A helicopter vista of South African cropping

Arthur Gray Correspondent South Africa
A helicopter vista of South African cropping

It is not every day that you come across a farmer who has his own helicopter and uses it to monitor the progress of crops during the growing season.

South African farmer Guy Holmes also uses his helicopter to travel between his fairly remote farm locations. Guy and his father, Trevor, run Inungi Farms in the Kokstad and Cedarville areas of KwaZulu-Natal, with some land in the Eastern Cape.

The arable land is mainly planted with maize, with grazing areas swapped with neighbours for extra land to give a total of 1,200ha of arable. A small area of soya beans is also grown, but this hasn’t proved to be as profitable as maize.

Credit: Richard Perks

Credit: Richard Perks

Precision farming for 10 years

Mr Holmes says they have been practicing precision farming for at least 10 years and after a visit to the Farm Progress Show in Illinois, US, in August this year, he feels Inungi is “up to speed” with the latest developments.

After a number of years with a no-till system, this has now evolved into a strip-till operation. The advantages of the change include less stress at planting time, as the fertiliser is applied before planting from bins, mounted on a Case IH Magnum 340 Rowtrac that operates an Orthman strip-tiller.

The change has also led to a move from trailed planters to a 12-row mounted unit, giving much improved manoeuvrability.

The new purpose-built planter, hitched to a Puma 210 tractor, uses John Deere 1750 carts with a precision planting 20/20 system, V-drive electric control to each row, Delta force up and down pressure and speed tubes that allow accurate planting at up to 16kph (10mph).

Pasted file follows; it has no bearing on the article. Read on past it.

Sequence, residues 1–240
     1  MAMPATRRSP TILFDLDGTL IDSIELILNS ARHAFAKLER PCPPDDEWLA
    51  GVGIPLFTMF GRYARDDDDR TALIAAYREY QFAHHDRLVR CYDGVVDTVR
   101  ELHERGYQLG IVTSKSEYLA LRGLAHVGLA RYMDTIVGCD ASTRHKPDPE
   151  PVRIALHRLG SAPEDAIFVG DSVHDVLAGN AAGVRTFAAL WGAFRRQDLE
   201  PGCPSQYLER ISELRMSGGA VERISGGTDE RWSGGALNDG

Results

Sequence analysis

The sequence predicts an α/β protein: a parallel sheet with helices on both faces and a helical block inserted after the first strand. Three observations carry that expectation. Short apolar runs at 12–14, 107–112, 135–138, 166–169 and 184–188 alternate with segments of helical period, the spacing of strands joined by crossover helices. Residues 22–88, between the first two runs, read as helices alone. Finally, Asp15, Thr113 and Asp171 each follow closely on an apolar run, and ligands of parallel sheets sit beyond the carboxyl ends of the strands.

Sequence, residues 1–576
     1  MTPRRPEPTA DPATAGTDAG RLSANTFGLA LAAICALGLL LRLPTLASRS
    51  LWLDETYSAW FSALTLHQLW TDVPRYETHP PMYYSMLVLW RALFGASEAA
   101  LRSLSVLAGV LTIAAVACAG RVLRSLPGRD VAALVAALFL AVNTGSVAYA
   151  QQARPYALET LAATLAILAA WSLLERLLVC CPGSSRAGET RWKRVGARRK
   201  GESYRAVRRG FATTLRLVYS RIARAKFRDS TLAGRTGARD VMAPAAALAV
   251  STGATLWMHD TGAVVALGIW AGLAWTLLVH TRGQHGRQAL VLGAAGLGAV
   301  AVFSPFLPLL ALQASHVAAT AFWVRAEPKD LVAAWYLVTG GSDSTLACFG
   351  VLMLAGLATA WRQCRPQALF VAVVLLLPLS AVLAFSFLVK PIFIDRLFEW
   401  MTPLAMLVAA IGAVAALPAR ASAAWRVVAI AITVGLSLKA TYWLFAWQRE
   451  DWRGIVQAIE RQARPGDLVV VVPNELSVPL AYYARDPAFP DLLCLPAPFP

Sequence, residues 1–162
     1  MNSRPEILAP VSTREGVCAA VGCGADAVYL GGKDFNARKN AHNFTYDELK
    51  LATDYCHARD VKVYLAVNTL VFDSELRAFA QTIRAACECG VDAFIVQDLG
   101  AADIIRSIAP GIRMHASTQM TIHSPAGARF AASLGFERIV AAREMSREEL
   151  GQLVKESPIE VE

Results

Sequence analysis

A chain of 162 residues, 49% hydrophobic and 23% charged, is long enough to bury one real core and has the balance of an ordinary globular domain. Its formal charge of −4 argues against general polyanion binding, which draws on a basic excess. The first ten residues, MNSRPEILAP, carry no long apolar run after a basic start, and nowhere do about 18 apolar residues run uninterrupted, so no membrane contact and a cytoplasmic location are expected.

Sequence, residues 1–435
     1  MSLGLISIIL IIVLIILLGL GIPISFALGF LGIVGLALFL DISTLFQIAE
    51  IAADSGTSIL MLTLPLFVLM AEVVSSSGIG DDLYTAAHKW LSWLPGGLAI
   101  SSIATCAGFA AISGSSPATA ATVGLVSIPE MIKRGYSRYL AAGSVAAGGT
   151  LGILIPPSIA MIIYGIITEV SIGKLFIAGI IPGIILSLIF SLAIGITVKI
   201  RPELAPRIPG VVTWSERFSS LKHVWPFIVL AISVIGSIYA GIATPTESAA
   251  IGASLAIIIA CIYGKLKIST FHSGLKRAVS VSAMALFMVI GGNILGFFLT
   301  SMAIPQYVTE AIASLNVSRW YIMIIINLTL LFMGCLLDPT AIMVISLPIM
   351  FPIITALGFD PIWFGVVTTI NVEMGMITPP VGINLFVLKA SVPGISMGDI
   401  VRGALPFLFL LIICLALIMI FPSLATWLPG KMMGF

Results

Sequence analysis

These are mounted on an Orthman “stack fold” tool bar at 760mm (30in) row spacing and the 20/20 system controls variable-rate planting and section control on individual rows.

Satellite imagery

The combine is equipped with sensors to measure yields and crop maps are created. Mr Holmes says he relies on an agronomist to interpret the results and prepare prescription maps.

With these and a system of hectare gridding every 3 years, he is able to compare inputs with yields. This is where the helicopter comes in, helping assess crop. This is complemented by his extensive use of satellite imagery, which he says is now clear enough to assess crop condition.

One surprising finding from the observations is that the cost of certain interventions, such as a recent fungicide application, is not always cost-effective. This means savings are possible by using a Case IH Patriot FCX self-propelled sprayer, which is fully equipped for variable-rate application and section control.